Persistent distress and severe anxiety can be unhealthy for the brain and the body. Brain research has shown that it can be toxic to brain cells, is linked with anxiety disorders, and that it can alter brain physiology. Brain scans show that the amygdala area of the brain, which processes fear, grows in size, while the hippocampus area of the brain shrinks, harming long-term memory. 
This shows that the brain is not exempt from harmful impacts. Recent research suggests that chronic anxiety can cause structural degeneration to the hippocampus and prefrontal cortex. Such damage could make a person more susceptible to developing dementia or mild cognitive impairment. 
How does anxiety affect the body? 
It has long been understood that prolonged anxiety and stress can have a physical impact on the body. For instance, someone who struggles with anxiety throughout their life may be prone to heart disease or a weakened immune system. 
While conversations on anxiety tend to revolve around how a person feels mentally and emotionally, it’s important to consider the physical symptoms, too. For a lot of people struggling with anxiety, it is not always clear how to make the connection between how they are feeling physically and their emotional state. 
Living with chronic anxiety can cause physical stress on your body, especially to your nervous, cardiovascular, digestive, immune, and respiratory systems.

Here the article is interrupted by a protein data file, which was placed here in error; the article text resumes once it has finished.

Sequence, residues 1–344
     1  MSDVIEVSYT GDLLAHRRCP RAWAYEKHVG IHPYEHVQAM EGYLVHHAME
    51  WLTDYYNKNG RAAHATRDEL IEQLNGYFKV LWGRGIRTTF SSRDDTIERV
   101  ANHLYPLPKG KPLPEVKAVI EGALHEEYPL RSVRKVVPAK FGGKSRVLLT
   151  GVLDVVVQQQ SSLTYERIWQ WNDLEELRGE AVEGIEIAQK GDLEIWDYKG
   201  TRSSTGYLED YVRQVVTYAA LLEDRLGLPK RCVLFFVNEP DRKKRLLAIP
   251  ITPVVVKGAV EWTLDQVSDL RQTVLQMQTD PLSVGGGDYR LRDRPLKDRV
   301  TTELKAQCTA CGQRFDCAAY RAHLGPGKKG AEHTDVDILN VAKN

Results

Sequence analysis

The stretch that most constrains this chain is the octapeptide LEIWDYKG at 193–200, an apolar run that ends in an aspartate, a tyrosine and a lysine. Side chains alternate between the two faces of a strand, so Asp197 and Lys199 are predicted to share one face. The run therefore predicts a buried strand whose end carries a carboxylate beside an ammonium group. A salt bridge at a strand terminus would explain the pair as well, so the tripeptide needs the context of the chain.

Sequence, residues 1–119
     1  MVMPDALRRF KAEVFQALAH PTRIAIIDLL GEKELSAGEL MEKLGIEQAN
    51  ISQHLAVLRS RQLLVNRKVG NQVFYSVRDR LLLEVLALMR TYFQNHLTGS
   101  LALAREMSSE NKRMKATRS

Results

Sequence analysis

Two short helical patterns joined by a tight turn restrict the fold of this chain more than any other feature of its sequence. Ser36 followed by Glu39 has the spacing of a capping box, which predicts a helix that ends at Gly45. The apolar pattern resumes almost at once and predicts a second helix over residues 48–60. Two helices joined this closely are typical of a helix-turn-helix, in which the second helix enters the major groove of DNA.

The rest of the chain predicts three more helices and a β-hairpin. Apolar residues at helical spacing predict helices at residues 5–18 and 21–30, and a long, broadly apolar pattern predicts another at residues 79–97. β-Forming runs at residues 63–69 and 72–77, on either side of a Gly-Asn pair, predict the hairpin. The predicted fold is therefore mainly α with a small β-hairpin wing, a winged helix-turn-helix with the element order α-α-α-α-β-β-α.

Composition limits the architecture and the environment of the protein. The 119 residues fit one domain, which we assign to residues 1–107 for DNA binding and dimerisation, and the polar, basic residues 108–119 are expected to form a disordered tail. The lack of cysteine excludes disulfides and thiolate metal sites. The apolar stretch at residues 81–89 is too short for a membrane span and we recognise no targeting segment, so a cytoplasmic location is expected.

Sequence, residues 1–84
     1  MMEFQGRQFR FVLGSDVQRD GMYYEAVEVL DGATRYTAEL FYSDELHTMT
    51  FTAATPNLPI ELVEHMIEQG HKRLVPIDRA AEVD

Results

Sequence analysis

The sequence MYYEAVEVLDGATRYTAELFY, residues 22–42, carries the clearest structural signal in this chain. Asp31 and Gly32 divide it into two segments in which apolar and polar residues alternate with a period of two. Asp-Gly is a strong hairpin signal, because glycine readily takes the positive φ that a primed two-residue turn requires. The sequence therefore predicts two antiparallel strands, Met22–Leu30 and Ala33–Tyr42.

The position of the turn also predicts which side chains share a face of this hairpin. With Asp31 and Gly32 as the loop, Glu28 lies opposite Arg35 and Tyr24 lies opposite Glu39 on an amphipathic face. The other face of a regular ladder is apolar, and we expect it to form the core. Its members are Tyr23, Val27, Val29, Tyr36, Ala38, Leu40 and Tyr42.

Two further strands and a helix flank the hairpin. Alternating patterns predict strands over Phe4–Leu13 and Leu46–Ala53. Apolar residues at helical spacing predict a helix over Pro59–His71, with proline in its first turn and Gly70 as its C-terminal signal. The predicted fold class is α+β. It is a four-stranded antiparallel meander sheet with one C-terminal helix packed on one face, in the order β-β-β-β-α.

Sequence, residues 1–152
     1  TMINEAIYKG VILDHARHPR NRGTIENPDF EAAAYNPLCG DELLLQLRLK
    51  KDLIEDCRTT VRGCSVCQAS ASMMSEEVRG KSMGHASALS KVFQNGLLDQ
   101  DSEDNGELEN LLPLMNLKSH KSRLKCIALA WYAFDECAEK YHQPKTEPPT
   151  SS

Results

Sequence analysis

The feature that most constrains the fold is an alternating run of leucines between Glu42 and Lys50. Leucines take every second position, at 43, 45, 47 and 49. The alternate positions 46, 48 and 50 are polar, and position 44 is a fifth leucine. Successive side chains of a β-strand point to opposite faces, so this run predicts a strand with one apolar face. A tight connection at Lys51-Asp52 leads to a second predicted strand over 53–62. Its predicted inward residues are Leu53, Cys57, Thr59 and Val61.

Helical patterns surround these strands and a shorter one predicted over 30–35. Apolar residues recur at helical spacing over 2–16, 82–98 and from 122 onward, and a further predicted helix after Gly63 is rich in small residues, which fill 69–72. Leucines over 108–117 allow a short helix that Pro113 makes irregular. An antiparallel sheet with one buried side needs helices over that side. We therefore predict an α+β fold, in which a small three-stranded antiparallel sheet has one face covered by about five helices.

Everyone has anxiety from time to time, but chronic anxiety can interfere with your quality of life. While perhaps most recognized for behavioural changes, anxiety can also have serious consequences on your physical health. 
There is no single set of anxiety symptoms or physical effects that appears universally in every person. It depends on the individual, as well as the specific anxiety disorder they may have generalized anxiety disorder (GAD), phobias, panic attacks, social anxiety disorder, post-traumatic stress disorder, and so on. 
With that said, there are noticeable physical symptoms that tend to appear, on their own or in combination with each other. These usually include: 
- Increased heart rate or heart palpitations 
- Hyperventilation / shortness of breath / shallow breathing 
- Digestive issues / disorders 
- Extreme fatigue or weakness 
- Restlessness, fidgeting, trembling, and shaking 
- Dizziness 
- Muscle aches and tension 
- Feelings of sickness or nausea 
- Headaches 
- Insomnia 
These may be apparent at a low level throughout much of your daily routine, or they may show up excessively during times of high stress or emotionally charged situations. These symptoms don’t need to consume your life before you seek treatment. If you think you may suffer from an anxiety disorder, it is strongly recommended to seek a professional diagnosis. 
Hypnosis is a very effective modality for anxiety management. Hypnotherapy sessions will help to relax and reprogram an anxious brain. 
The method involves a highly trained therapist using therapeutic words, phrases, or techniques to help you enter an altered sate of consciousness. 
Hypnosis involves guided relaxation, self-talk, and visualization.